A key safeguard of CDCC's risk management process is the requirement that Clearing Members post collateral in the form of margin to guarantee the performance of their contract obligations. CDCC's risk-based margin is determined using industry-accepted methods and it is designed to provide the proper levels of protection to cover market movements on open positions and unsettled transactions.
The margin fund's provisions are defined by the initial margin and the variation margin. The initial margin covers the potential losses that may occur over a specified period of time (generally equal to two days) as a result of market fluctuations (this is also known as the Potential Future Exposure or PFE). The variation margin takes into account the portfolio's liquidating value (this is also known as the Replacement Cost or RC), which is managed through CDCC's mark to market daily process.
Initial margin deposits serve as collateral to cover the potential losses that may occur from a default as a result of fluctuations in a Clearing Member's portfolio value under normal market conditions.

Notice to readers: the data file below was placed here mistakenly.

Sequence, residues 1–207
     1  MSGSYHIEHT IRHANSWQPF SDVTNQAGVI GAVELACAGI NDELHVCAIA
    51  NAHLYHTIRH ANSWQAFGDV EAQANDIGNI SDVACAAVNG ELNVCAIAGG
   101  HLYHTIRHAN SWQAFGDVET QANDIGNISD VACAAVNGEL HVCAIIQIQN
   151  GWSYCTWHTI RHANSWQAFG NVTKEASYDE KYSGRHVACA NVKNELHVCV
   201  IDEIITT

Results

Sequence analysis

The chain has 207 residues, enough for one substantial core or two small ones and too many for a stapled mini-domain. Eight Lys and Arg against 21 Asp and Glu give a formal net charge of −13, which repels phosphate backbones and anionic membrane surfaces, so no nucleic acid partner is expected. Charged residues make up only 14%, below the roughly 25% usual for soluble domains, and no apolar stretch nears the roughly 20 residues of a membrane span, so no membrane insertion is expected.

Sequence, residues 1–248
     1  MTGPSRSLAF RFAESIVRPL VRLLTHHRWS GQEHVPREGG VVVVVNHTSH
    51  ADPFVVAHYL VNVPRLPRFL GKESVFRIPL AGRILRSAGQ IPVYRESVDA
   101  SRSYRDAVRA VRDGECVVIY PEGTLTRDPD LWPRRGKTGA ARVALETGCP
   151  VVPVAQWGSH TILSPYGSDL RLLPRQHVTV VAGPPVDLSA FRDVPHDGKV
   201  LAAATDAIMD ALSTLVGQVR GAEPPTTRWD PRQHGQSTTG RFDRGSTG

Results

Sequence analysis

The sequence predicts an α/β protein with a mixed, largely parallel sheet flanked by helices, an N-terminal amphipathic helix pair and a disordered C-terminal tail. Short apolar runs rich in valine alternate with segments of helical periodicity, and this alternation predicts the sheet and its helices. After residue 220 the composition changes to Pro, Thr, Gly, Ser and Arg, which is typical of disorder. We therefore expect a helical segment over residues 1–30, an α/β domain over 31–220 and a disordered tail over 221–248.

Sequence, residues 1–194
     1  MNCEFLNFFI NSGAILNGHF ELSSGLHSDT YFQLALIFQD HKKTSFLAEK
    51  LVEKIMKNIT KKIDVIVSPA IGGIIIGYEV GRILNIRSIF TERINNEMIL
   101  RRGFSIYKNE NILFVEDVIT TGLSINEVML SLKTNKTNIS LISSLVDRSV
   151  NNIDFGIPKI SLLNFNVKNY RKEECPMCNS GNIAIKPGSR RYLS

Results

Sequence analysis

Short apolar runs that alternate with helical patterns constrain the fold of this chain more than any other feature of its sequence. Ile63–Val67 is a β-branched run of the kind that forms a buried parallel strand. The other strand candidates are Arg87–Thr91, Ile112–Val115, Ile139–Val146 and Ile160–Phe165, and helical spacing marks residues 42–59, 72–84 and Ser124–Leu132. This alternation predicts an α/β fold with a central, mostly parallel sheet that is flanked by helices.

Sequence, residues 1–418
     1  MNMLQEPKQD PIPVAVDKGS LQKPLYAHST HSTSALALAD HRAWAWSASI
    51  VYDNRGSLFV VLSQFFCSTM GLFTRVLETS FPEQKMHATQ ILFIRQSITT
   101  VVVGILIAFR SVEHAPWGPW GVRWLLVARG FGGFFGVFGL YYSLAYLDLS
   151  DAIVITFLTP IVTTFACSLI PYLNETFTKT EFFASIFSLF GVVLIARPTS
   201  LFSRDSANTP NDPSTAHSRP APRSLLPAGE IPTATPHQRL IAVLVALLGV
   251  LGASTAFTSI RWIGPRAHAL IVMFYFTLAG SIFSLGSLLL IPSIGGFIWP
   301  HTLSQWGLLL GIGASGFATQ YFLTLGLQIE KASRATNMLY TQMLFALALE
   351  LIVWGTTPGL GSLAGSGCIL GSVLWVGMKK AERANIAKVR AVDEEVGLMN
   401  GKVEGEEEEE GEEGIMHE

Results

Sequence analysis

The variation margin is literally equal to the Clearing Member's portfolio marked to market. At CDCC, each portfolio is marked to market daily. The variation margin for option contracts is collateralized, whereas the variation margin for futures contracts is settled every day.
CDCC uses a confidence level exceeding 99% under the Normal Distribution assumption. CDCC also considers a variable number of days (generally equal to two, for the most liquid product, and up to five days for the less liquid ones) as an acceptable liquidation period. The initial margin amount (also known as margin requirement or base margin) is calculated using the historical volatility of the daily price returns of the portfolio's underlying interests. The CDCC calculates a margin interval (MI) by specifying a critical value, a number of liquidation days and a volatility. The MI is the input parameter used by SPAN^{®} software to calculate the initial margin.
The Margin Interval calculations are re-evaluated on a regular basis. However, the Corporation may use its discretion and update the Margin Intervals more frequently if necessary. The Margin Intervals are used to calculate the Initial Margin for each Derivative Instrument.
The Margin Interval (MI) is calculated using the following formula:
$$ \dpi{100}MI = \alpha * \sqrt{n} * \sigma $$